Engineering class of 2007 joins the circle of the Iron Ring

York University's first recipients of the Iron Ring
Above: Graduates of York’s Faculty of Science & Engineering, class of 2007, show off their Iron Rings.

Six professors and the first class of students to graduate from three newly accredited programs in York’s School of Engineering, received the first-ever York-awarded Iron Rings, symbols of their entry into the clannish world of professional engineering.

The 37 engineers – 31 students and six members of York’s Faculty of Science & Engineering – were officially “obligated” at an authorized recitation of the Ritual of the Calling of an Engineer, a ceremony developed and written by English author and poet Rudyard Kipling. The event was held on Sept. 28 at Keele campus.

York President & Vice-Chancellor Mamdouh Shoukri, himself an obligated engineer who wears an Iron Ring, attended the first ceremony at York and provided great inspiration to the group in his remarks. Shoukri emphasized the significance of the ceremony and how its rich symbolism focused on the obligations of engineers to society, to the profession, to each other and to a commitment to live by a high standard of professional conduct.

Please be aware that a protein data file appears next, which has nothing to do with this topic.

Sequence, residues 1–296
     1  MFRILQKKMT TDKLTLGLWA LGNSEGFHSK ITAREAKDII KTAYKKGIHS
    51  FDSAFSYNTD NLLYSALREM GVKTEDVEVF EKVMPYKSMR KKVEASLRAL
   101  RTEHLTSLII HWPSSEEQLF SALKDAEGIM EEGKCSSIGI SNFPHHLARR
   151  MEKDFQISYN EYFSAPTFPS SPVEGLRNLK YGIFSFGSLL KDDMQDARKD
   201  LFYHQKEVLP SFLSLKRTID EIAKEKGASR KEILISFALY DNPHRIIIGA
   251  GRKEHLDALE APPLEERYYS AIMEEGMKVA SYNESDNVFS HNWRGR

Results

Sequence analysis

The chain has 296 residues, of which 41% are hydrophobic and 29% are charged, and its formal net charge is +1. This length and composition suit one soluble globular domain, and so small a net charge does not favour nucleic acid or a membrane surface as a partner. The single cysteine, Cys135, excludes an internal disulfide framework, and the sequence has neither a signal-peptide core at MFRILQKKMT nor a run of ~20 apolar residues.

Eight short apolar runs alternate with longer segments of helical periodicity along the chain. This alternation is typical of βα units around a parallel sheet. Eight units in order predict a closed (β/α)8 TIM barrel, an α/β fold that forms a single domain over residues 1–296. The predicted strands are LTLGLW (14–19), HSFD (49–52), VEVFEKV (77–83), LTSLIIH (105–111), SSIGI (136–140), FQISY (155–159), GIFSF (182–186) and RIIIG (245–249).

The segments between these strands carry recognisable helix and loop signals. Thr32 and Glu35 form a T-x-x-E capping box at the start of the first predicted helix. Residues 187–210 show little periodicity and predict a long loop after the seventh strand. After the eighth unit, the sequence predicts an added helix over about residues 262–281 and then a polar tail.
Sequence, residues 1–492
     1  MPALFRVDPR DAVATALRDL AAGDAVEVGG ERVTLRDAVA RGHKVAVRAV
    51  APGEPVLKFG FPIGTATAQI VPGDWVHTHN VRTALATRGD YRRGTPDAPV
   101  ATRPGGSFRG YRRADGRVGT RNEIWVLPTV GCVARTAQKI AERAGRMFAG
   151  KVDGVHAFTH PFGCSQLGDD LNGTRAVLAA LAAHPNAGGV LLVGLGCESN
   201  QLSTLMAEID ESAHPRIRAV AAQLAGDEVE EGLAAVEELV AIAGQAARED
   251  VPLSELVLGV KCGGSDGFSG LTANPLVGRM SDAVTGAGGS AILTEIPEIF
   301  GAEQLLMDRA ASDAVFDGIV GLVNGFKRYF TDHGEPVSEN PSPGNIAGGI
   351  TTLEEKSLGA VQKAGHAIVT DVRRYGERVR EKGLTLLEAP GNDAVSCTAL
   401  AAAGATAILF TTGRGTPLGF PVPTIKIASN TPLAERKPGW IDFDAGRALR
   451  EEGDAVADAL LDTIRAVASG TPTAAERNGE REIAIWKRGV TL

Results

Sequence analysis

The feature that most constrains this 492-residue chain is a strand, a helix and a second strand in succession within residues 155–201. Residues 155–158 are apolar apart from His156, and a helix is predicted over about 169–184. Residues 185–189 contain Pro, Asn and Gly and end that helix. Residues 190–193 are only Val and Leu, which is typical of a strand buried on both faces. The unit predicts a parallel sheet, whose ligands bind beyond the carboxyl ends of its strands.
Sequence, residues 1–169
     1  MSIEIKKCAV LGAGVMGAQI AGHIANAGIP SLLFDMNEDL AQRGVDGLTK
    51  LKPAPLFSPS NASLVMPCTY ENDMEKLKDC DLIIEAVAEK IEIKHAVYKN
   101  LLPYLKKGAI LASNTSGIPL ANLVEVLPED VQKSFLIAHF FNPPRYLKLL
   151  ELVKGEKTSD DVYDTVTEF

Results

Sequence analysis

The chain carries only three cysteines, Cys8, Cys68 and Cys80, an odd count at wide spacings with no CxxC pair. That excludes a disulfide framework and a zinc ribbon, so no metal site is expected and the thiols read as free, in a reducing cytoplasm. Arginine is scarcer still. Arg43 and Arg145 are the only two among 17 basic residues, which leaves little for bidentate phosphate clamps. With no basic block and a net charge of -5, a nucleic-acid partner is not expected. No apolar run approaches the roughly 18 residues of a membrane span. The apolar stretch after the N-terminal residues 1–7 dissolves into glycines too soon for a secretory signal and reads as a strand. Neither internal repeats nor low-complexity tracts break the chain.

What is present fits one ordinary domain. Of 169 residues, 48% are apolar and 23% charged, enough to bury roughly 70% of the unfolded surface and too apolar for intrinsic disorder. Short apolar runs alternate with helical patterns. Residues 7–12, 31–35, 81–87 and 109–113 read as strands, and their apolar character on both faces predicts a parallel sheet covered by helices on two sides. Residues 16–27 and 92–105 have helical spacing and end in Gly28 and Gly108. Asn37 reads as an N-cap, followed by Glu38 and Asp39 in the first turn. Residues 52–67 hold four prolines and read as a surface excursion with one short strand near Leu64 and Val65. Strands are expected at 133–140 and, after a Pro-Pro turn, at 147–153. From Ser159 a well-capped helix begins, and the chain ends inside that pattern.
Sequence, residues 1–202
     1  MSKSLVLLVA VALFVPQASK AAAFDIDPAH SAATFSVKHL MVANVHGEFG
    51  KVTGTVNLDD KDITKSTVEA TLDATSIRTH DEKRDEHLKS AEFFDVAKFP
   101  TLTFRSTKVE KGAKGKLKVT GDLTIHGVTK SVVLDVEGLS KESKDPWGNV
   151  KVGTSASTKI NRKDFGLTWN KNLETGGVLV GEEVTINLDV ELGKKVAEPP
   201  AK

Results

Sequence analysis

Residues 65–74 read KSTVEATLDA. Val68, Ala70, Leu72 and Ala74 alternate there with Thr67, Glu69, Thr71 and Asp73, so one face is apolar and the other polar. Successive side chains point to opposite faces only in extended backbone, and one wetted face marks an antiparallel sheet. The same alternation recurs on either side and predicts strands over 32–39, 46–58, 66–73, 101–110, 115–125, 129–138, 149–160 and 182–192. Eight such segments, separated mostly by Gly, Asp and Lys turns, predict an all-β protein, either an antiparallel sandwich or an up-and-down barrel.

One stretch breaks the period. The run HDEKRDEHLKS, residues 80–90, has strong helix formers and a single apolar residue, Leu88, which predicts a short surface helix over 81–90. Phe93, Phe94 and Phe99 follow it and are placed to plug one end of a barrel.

Left: Shoukri told graduates he also wears the Iron Ring

“I have travelled around the world, and invariably someone will ask me if I am an engineer because they’ve noticed my ring,” Shoukri said.

The Iron Ring obligation and ceremony were developed by Kipling solely for Canadian engineers at the request of seven past-presidents of the Engineering Institute of Canada after a meeting in Montreal in 1922. The ritual is copyrighted in Canada and the US and administered by the Corporation of the Seven Wardens Inc., an independent body.

This first-ever ceremony at York, normally held in the spring before final exams in a student’s final year, included members of the 2007 graduating class, who completed their degree before the program received its accreditation in July.

The three programs that received accreditation from the Canadian Engineering Accreditation Board (see story in the July 9 issue of YFile) include., space, geomatics and computer engineering.

For more information on Engineering Programs at York, visit their Web site.

Submitted to YFile by Adrienne De Francesco, PEng., executive officer in York’s Faculty of Science & Engineering.